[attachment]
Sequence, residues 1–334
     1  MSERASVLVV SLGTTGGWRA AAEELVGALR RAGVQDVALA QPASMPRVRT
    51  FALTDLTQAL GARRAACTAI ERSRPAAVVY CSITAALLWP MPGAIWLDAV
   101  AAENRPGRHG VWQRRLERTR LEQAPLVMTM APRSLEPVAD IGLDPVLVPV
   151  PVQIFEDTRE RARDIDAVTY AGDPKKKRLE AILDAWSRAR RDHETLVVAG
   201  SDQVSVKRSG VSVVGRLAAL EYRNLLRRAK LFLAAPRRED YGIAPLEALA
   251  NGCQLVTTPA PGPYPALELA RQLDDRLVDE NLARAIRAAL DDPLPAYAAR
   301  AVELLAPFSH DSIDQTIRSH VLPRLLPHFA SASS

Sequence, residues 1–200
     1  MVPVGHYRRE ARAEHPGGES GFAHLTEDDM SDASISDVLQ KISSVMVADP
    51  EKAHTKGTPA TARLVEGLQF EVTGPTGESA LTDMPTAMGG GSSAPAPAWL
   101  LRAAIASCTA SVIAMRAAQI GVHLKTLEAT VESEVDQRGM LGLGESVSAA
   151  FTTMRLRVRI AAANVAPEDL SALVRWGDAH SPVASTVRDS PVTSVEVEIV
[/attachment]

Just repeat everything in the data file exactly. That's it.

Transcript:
Sequence, residues 1–334
     1  MSERASVLVV SLGTTGGWRA AAEELVGALR RAGVQDVALA QPASMPRVRT
    51  FALTDLTQAL GARRAACTAI ERSRPAAVVY CSITAALLWP MPGAIWLDAV
   101  AAENRPGRHG VWQRRLERTR LEQAPLVMTM APRSLEPVAD IGLDPVLVPV
   151  PVQIFEDTRE RARDIDAVTY AGDPKKKRLE AILDAWSRAR RDHETLVVAG
   201  SDQVSVKRSG VSVVGRLAAL EYRNLLRRAK LFLAAPRRED YGIAPLEALA
   251  NGCQLVTTPA PGPYPALELA RQLDDRLVDE NLARAIRAAL DDPLPAYAAR
   301  AVELLAPFSH DSIDQTIRSH VLPRLLPHFA SASS

Sequence, residues 1–200
     1  MVPVGHYRRE ARAEHPGGES GFAHLTEDDM SDASISDVLQ KISSVMVADP
    51  EKAHTKGTPA TARLVEGLQF EVTGPTGESA LTDMPTAMGG GSSAPAPAWL
   101  LRAAIASCTA SVIAMRAAQI GVHLKTLEAT VESEVDQRGM LGLGESVSAA
   151  FTTMRLRVRI AAANVAPEDL SALVRWGDAH SPVASTVRDS PVTSVEVEIV